In my post on Marcus Borg’s view of Jesus and eschatology, I asserted that if Jesus did expect an imminent supernatural in-breaking of some sort, then he was wrong, a conclusion that would disconcert many Christians.
This might have been too categorical of a statement. In his book The Historical Christ and the Theological Jesus, historian Dale Allison offers one way of addressing the issue.
Allison’s book is an attempt to draw out some of the theological implications of his study of the historical Jesus. Unlike Borg, et al., Allison thinks that Jesus was a “milleniarian prophet” who expected some kind of eschatological event in the near future. (See pp. 92-95 of The Historical Christ for a summary of the evidence that leads Allison to affirm this conclusion.) Allison pointedly summarizes the issue:
It is not just that, as Matt. 24:36 = Mark 13:32 says, the Son had no knowledge of precisely when the end would come. It is rather that the Son expected and encouraged others to expect that all would wrap up soon, and yet run-of-the-mill history remains with us: Satan still goes to and fro upon the earth. (p. 96)
So it would seem that, if Allison is right, Jesus was wrong about the coming of the Kingdom. What does this mean for us?
Allison suggests that our
widespread dismay arises in part…from a failure to comprehend fully that eschatological language does not give us a preview of coming events but is rather, as the study of comparative religion teaches us, religious hope in mythological dress. Narratives about the unborn future are fictions, in the same way that narratives about the creation of the world are fictions. (p. 97)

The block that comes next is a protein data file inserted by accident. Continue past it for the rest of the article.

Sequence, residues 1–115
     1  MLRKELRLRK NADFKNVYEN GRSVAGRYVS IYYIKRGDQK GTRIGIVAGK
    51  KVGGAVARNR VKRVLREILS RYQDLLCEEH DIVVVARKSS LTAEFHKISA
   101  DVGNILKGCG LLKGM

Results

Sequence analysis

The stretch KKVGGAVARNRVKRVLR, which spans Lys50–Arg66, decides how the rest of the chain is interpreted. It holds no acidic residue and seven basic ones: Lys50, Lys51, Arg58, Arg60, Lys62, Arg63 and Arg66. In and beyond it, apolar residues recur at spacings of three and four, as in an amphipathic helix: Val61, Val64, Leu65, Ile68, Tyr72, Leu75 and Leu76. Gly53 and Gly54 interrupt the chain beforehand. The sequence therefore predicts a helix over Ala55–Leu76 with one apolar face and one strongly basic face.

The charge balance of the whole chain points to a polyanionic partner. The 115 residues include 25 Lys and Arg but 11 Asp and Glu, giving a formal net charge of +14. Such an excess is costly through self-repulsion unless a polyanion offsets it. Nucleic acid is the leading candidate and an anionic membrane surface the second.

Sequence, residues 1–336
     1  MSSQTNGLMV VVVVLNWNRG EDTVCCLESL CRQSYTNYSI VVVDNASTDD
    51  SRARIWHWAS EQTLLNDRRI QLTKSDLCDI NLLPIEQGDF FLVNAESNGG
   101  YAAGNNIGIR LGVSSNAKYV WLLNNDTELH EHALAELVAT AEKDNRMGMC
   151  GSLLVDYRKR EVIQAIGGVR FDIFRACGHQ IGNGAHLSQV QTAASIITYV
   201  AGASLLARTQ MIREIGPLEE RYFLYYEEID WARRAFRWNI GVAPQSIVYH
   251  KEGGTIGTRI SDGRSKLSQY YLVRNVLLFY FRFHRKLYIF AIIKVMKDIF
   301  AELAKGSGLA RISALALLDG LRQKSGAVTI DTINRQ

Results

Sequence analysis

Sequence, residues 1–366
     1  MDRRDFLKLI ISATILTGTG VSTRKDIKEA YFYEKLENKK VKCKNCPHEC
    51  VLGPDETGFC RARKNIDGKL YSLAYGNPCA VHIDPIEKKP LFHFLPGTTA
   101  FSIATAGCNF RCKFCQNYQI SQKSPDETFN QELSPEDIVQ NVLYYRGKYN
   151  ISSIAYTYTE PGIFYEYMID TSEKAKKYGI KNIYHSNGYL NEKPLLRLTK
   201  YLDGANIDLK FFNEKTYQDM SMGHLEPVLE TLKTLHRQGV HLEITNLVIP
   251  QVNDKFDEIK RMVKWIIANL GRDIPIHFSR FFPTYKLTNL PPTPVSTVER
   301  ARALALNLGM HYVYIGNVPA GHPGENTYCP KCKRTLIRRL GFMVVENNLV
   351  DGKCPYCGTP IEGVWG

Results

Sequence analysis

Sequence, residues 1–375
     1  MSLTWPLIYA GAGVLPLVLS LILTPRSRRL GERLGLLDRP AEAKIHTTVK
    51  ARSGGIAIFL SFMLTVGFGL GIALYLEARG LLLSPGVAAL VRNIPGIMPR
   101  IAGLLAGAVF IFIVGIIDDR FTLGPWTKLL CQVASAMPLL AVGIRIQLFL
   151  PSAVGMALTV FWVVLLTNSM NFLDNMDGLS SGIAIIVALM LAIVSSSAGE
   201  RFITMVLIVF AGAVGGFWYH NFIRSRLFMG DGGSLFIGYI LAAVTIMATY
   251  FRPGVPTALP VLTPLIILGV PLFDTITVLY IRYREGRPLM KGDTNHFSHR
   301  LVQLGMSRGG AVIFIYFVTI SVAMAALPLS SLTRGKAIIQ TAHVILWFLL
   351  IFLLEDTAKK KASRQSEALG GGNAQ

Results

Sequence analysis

Just as we don’t have to suppose that the creation narratives of Genesis happened “once upon a time” for them to have existential and theological meaning, we don’t have to see the eschatological language of the Bible as referring to historical events that will happen in the future (whether near or distant).
Rather, the language and symbols of eschatology point to God’s trans-historical consummation of all things beyond the reach of suffering, death, and decay and can act as a critique of the unjust and inequitable status quo as it falls short of God’s will.
Allison is quick to point out that this doesn’t mean that Jesus or his followers saw eschatological language in this way. It may well be they meant it “literally.” However, he also notes that there is a process of “de-mythologization” (even if not necessarily fully explicit) within the New Testament itself. For example, the eschatology of John’s gospel has often been described as a “realized” eschatology that downplays the apocalypticism of the synoptics.
The point here is that, even if Jesus was wrong about not only the date of the eschaton but also the nature of the language he used to refer to it, we needn’t see that language as lacking a referent. It refers to the intersection–equally possible at every historical moment, but more palpably felt in some–of the transcendent and the mundane and the promise that God will redeem the evils and sufferings of this world.